Batters and I Are Still Mystified By Sampson, Velazquez's Rockets, Outfield, Herz, and Other Cubs Bullets

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Batters and I Are Still Mystified By Sampson, Velazquez’s Rockets, Outfield, Herz, and Other Cubs Bullets

Chicago Cubs

I feel like no one anywhere is eagerly anticipating the 4th season premier of ‘Westworld’ tonight (I can hear lots of you saying, ‘They’re doing another season of that?’). I guess I get it. The first season was incredible, but the second season pushed a lot of folks away (I loved it, but I know it wasn’t what a lot of people wanted from the show). And then the third season went WAAAAY different, and also didn’t execute it very well. But the idea of the show is still so dang good! I am really freaking pumped for the return, even if I’m the only one.

  • Nelson Velazquez had a 107.8 mph single yesterday, the hardest-hit ball in the game for the Cubs. It was the second time in three days that he’s had the hardest-hit ball in a game, and it’s a reminder that he very much has that part of the game secured: he can hit the absolute shit out of the ball. While I do think it’s important to remember how little time he has at Triple-A, and how he’s rocking a 35+ % strikeout rate between Double-A and Triple-A this year, I think it’s just as important to remember that he can do things with his contact quality that very few hitters can do (think Patrick Wisdom style). He can also play solid outfield defense creating a reasonable floor of value.
  • When Seiya Suzuki comes back, there won’t be regular starts for Velazquez anyway, and I’ll be fine with him starting every day at Iowa for most of the rest of this season – that’s not at all developmentally inappropriate. But I do love that the Cubs will have him as an option for the outfield mix in 2023+. There is absolutely breakout potential there.
  • (I’m letting myself get in that stupid zone where, while I want the Cubs to add a sure-fire bat in the outfield for next year, I also want to see what Velazquez and Brennen Davis and Darius Hill and Narciso Crook and Jared Young and Jackson Frazier can all do … )
  • One more on the outfield for now, an arbitrary endpoints check: since May 10, Rafael Ortega is hitting .304/.389/.446/136 wRC+. You know, to the extent there are any contenders out there looking for an inexpensive, versatile outfield bat against righties …
  • Adrian Sampson did it again yesterday, showing nasty stuff (where the hell did that come from?), getting tons of whiffs (where the hell did those come from?), striking out a bunch of guys (where the hell did those come from?), and generally looking not-at-all like the guy we saw last year or the guy who has been a command/control contact-manager at Iowa. Pitchers tend not to just flip a switch like this at age 30, especially in the middle of a season at the big league level, so I remain mystified.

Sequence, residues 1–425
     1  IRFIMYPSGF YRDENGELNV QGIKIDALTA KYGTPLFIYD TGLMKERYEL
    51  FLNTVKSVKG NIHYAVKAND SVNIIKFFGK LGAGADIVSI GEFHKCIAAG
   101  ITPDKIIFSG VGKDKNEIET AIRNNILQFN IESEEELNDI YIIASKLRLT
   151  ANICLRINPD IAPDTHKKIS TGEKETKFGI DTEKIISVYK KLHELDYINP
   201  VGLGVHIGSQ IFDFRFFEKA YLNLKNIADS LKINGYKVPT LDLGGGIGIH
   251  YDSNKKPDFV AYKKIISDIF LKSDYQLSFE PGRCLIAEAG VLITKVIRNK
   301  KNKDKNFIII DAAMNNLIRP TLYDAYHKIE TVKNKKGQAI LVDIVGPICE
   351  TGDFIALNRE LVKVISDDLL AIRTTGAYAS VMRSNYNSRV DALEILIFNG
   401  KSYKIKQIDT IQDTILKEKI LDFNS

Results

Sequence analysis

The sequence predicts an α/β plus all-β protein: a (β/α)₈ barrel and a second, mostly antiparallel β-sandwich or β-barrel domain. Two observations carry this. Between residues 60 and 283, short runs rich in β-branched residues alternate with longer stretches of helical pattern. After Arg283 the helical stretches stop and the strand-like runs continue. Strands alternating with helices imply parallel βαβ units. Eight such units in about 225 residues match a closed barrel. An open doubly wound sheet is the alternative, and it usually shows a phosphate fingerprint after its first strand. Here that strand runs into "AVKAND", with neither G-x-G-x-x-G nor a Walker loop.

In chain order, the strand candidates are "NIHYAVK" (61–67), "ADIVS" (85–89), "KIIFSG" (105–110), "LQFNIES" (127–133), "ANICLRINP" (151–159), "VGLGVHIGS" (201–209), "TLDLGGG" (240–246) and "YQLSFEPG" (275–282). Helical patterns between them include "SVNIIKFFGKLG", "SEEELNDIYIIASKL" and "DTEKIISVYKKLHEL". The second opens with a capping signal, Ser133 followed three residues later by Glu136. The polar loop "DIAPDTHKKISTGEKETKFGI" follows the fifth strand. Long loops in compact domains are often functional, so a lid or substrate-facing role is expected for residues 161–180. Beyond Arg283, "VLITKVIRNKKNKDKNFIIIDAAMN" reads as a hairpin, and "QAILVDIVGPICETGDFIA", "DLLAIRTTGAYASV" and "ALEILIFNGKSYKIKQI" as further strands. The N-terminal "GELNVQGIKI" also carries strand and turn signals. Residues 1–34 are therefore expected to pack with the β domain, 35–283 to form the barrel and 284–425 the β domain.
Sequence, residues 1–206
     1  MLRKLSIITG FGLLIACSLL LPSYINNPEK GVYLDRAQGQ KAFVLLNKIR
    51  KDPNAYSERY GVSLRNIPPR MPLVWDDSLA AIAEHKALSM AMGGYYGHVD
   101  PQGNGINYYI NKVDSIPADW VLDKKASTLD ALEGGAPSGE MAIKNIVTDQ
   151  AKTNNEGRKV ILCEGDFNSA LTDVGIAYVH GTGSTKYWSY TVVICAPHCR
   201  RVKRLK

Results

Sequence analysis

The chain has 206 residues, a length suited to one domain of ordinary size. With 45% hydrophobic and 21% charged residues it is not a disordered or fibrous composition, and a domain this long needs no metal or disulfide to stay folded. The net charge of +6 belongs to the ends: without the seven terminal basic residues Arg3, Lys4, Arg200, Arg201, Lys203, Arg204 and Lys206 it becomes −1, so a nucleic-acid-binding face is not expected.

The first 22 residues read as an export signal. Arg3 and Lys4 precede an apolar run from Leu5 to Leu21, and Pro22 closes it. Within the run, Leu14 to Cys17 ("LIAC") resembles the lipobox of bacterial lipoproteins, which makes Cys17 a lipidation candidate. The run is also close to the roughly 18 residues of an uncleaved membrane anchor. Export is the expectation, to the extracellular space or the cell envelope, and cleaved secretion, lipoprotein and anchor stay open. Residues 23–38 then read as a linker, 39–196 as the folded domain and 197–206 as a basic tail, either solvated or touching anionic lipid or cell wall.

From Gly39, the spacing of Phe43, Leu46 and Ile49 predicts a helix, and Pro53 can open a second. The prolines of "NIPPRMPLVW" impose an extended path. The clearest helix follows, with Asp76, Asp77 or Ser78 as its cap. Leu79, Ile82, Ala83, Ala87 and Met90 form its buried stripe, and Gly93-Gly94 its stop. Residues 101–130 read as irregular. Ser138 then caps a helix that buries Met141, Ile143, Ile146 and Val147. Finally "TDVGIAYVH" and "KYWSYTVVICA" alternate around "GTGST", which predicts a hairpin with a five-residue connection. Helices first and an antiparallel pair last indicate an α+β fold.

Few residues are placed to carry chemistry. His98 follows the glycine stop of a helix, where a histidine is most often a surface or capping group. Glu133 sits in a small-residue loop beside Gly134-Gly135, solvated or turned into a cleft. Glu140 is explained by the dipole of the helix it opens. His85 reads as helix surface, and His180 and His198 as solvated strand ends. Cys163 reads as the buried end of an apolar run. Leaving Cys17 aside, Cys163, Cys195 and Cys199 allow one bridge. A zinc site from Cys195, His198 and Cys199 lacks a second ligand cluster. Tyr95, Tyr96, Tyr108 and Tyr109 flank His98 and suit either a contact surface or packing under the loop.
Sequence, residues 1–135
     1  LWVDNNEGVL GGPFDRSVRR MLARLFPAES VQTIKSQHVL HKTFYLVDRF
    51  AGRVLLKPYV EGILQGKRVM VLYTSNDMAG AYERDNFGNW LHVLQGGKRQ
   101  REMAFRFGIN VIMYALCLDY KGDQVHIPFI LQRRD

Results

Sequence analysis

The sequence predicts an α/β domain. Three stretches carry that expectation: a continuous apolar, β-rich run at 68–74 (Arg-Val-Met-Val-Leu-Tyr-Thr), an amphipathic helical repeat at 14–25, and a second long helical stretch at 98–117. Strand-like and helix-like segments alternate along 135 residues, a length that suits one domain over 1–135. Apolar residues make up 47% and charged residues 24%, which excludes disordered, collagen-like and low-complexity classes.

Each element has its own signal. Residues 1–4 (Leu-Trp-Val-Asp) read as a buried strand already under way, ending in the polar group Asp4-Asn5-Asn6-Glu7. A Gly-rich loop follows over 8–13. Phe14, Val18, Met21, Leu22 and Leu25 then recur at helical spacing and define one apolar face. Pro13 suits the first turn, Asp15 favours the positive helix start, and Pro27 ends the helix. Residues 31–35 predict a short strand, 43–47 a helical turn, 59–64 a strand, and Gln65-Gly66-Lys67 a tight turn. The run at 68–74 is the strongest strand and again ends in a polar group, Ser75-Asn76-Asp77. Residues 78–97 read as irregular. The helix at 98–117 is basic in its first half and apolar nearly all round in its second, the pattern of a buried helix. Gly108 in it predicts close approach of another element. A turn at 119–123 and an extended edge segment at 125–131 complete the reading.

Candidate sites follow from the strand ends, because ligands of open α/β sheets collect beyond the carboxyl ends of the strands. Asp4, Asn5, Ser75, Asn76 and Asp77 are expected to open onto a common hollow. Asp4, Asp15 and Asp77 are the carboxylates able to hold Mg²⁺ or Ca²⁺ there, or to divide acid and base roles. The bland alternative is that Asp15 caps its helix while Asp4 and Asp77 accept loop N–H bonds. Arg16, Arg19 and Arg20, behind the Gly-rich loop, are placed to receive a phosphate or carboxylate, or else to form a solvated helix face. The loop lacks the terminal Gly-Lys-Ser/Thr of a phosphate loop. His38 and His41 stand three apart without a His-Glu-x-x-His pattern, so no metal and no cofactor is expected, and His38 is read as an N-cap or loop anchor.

• It would be one thing to have a couple appearance where Sampson got good results – we saw that last year, but we also saw the hard contact, the lack of whiffs, etc., and it was easy to project regression. But it’s not the results that I’m looking at with him over these last 9.2 innings – it’s the stuff and the batters’ reactions. If we didn’t know his name was Adrian Sampson and he was a 30-year-old command/control reclamation type, we would be watching this guy and thinking, YO WHO IS THIS GUY!?!? Can that last? Is this real? I feel like it can’t be, because decades of watching baseball tells me this kind of switch-flip doesn’t happen. But I can also say I can’t remember the last time I saw something this extreme from a guy with a profile like this. It’s really, really weird. Like I said. Mystified. I don’t know what else to say.
  • If you’re wondering, the only changes I can immediately discern in these two outings: (1) he has really ditched the sinker in favor of the four-seamer (which has a little more velocity than it did previously); and (2) he’s started incorporating a cutter a little bit. It has to be more than that, though, right?
  • Stay tuned for discourse on Keegan Thompson’s now-sweeping slider, because wow:
  • D.J. Herz had another EXTREME D.J. HERZ MODE start last night, going (only) 4.2 scoreless, but striking out 10(!) in the process. The development plan for him has gotta be a little tricky, because on the one hand, it’s clear he cannot be challenged at High-A by the bats there. No one can hit him. But on the other hand, the lack of efficiency/ability to go even medium depth is still clearly something that needs work. And you might, all else equal, rather see him working on that at High-A rather than Double-A when he’s just 21. Herz is not Rule 5 eligible until after 2023.
  • Things have been wild for the ACL Cubs lately:
  • It’s a real shame the Astros had to go and throw a combined no-hitter in June. It means they now have to lose 11 games in a row. Hope it was worth it, guys. I kid, though they sure didn’t seem all that excited – oh, we’re supposed to celebrate? I guess we’re supposed to celebrate:
  • Speaking of the 11-game losing streak following the combined no-hitter last year for the Chicago Cubs, check out the team’s 162-game record since then:
  • I just don’t like it:
  • This one just looks special. Freaking obliterated:


Author: Brett Taylor

Brett Taylor is the Editor and Lead Cubs Writer at Bleacher Nation, and you can find him on Twitter at @BleacherNation and @Brett_A_Taylor.